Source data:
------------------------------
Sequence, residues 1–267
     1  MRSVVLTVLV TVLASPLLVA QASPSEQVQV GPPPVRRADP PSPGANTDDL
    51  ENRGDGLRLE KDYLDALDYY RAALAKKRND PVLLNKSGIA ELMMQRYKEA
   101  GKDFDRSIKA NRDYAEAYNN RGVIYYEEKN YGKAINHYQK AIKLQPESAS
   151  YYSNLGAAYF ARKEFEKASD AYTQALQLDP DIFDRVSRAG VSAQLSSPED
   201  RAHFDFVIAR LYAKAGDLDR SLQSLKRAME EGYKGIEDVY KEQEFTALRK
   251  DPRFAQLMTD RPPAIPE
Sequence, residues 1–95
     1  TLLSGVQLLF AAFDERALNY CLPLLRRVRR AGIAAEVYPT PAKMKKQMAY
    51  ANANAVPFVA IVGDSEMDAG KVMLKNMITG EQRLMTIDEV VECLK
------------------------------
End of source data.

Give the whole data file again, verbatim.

Sequence, residues 1–267
     1  MRSVVLTVLV TVLASPLLVA QASPSEQVQV GPPPVRRADP PSPGANTDDL
    51  ENRGDGLRLE KDYLDALDYY RAALAKKRND PVLLNKSGIA ELMMQRYKEA
   101  GKDFDRSIKA NRDYAEAYNN RGVIYYEEKN YGKAINHYQK AIKLQPESAS
   151  YYSNLGAAYF ARKEFEKASD AYTQALQLDP DIFDRVSRAG VSAQLSSPED
   201  RAHFDFVIAR LYAKAGDLDR SLQSLKRAME EGYKGIEDVY KEQEFTALRK
   251  DPRFAQLMTD RPPAIPE
Sequence, residues 1–95
     1  TLLSGVQLLF AAFDERALNY CLPLLRRVRR AGIAAEVYPT PAKMKKQMAY
    51  ANANAVPFVA IVGDSEMDAG KVMLKNMITG EQRLMTIDEV VECLK